That green goodness doesn’t come cheap; it can start at $79 per month and notch up from there. Joking that he “knows how the sausage is made,” Attia believes AG1 has precisely what he needs, and adds a scoop of this to water daily.
Glucose Control Probiotic
Attia takes two of these capsules each morning, alongside his AG1 scoop. “That’s kind of the first thing I consume,” he says. His trial of Glucose Control by Pendulum is a few months in, and he’s testing to see if the probiotic can help regulate his blood sugar levels when lab-tested.
Probiotics, generally, propagate a healthy gut microbiome, meaning your stomach inflammation is decreased. When you’ve got chronic gut inflammation, your body can become more resistant to insulin, the hormone that controls how your body processes sugar. This can, in theory, stave off diabetes.
Glucose Control is a pricey bottle, costing between $165 and $215 for 30 pills—meaning Attia’s two-capsules are running him around $10—and is billed as a clinical grade probiotic aimed at managing type 2 diabetes. It’s got an extra strain of probiotic bacteria in there (clostridium, for the curious), which is noteworthy, as many probiotics merely contain one strain.
A Blend of Protein Powders
The aim, per Attia, is to ingest as much protein without overdoing the fat and carbohydrate calories. If you want to hear his exact approach, check out this AMA on his podcast where he talks about testing four different protein powders—two sweetened or flavored, and two unsweetened.
Attia combines 25 milligrams of flavored protein powder with 25 milligrams of unflavored protein powder to reduce the sugars and calories over the overall shake he’s drinking. Sure, that Fruity Pebbles-flavored protein powder sounds delicious—spoiler: it is; we’ve tested it—but to get a flavor profile reminiscent of childhood breakfasts, it’s hiding additives that inflate the carbohydrate and fat amounts, appreciably.
Attia doesn’t get into specific brands of preferred protein powder, though he notes he chooses quality whey isolate that doesn’t contain a significant amount of sucralose or other non-protein components. As for how much to take, that’s more a personal diet calculus. If you’re aiming to increase muscle mass, for example, you’d want to aim daily at around one gram of protein per pound of bodyweight.
There are three magnesium types Attia takes: magnesium oxide, magnesium chloride, and magnesium L-threonate. Magnesium, elementally, benefits bone health, helps with muscle and nerve regulation, and may play a part in blood pressure control and reducing blood sugars. It also can aid cells reaping the maximum protein from whatever you’re eating, and turn that into energy.
Why the mixture of three magnesiums? “All in, I’m trying to get a gram of elemental magnesium in my system per day,” he says. And each magnesium variation is absorbed differently, and also affects your body in unique ways. Magnesium oxide is poorly-absorbed, though it can help with digestion. Attia takes 400 to 500 milligrams of magnesium oxide daily, when not fasting.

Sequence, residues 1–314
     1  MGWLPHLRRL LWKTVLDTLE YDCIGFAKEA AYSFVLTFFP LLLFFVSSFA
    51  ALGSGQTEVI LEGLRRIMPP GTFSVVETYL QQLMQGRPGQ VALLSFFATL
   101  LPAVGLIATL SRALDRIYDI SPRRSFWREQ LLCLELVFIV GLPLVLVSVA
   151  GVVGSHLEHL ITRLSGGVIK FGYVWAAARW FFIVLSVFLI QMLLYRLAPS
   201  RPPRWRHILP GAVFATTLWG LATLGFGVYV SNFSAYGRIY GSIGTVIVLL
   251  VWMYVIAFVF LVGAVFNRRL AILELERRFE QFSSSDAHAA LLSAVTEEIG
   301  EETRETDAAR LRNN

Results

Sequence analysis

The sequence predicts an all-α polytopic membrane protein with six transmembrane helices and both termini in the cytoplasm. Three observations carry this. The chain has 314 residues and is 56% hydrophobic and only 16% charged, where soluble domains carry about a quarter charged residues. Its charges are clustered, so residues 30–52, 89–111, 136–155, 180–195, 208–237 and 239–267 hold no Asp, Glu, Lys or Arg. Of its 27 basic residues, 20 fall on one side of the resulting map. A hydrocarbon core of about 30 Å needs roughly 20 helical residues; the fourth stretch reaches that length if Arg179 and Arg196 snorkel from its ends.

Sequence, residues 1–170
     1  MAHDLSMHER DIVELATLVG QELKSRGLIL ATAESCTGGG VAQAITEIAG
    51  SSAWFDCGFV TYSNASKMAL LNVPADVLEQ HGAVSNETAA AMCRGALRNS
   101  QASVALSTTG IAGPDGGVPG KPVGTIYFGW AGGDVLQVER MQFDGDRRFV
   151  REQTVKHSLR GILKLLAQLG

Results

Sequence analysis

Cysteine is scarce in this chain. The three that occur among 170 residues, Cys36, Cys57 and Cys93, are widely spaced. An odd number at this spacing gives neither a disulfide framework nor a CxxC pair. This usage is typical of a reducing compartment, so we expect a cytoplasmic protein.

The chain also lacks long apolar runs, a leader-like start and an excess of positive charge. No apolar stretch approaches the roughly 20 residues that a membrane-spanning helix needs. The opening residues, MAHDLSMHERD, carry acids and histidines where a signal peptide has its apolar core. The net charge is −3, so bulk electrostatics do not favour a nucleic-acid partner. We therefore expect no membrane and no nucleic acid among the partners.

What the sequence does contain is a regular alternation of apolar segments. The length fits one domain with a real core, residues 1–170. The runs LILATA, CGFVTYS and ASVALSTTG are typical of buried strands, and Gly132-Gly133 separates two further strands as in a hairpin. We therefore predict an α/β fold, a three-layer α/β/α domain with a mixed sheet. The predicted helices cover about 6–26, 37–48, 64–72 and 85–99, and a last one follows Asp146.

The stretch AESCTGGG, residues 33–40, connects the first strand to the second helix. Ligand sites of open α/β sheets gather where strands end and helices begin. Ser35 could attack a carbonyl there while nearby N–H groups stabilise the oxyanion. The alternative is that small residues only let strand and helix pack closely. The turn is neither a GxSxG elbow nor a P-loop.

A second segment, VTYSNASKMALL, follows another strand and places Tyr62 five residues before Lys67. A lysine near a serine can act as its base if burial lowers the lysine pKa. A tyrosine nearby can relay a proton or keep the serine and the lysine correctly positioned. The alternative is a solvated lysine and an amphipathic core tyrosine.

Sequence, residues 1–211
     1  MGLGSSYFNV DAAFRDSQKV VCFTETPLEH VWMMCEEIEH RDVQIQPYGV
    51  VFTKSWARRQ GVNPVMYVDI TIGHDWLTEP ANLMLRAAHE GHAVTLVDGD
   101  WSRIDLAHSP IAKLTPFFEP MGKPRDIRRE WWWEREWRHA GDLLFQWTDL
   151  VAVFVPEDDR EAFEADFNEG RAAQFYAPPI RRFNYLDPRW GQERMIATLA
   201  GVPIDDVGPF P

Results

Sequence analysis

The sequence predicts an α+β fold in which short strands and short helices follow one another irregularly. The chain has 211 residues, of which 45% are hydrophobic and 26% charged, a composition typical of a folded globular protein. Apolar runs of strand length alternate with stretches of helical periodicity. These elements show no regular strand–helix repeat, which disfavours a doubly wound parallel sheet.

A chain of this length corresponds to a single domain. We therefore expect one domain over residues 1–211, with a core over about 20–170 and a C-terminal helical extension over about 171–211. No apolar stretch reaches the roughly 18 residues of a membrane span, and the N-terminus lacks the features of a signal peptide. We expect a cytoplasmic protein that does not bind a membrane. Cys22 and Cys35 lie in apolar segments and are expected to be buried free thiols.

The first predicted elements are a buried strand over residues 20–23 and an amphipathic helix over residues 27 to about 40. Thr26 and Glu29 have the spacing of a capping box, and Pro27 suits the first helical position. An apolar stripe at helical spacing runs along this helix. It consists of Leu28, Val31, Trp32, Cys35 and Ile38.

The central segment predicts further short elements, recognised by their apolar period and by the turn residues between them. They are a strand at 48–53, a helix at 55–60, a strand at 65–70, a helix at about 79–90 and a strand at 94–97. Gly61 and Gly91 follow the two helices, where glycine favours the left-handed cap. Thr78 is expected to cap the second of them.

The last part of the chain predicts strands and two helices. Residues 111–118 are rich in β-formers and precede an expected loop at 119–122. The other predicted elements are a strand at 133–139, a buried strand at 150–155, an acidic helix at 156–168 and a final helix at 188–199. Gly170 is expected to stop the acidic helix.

Attia also wants a more efficiently-absorbed magnesium, so he turns to SlowMag’s Magnesium Chloride pills, taking two or three each day. (The salt helps the absorption.) Attia fasts frequently, and this tablet raises potassium and sodium levels, both of which mitigate cramping associated with fasting.
Lastly, Attia backs magnesium L-threonate. Early research indicates that L-threonate ushers magnesium through the blood brain barrier, readily elevating magnesium levels in the brain. Once in our brains, some studies show magnesium may help cognitive function, treat cognitive impairment, and better our sleep. Attia prefers two capsules of Magtein.
Methylfolate and Methylated B12
Our body needs folate to prevent heart disease. Naturally, folate can be found in the likes of leafy greens, peanuts, sunflower seeds, eggs, beans, and more. But if you’re not getting enough from your diet, it’s a solid idea to supplement with methylfolate. Methylfolate has an advantage in that it helps the folate enter the blood-brain barrier, and, once inside, it can help modulate the homocysteine amino, just like vitamin B6. Additionally, if you’re on antidepressants, methylfolate has been proven to elevate the efficacy of that SSRI. Attia’s preference for methylfolate is from Jarrow.
Methylated B12 also positively affects our homocysteine, in addition to helping thwart anemia, in folks with B12 deficiencies. While we can extract B12 from foods—animal meats, yogurt, milk, etc—our ability to absorb correct amounts decreases as we age, so a supplement is often recommended. Methylated B12 is also easier on the kidneys, per Attia. His pick for methylated B12 is again from Jarrow.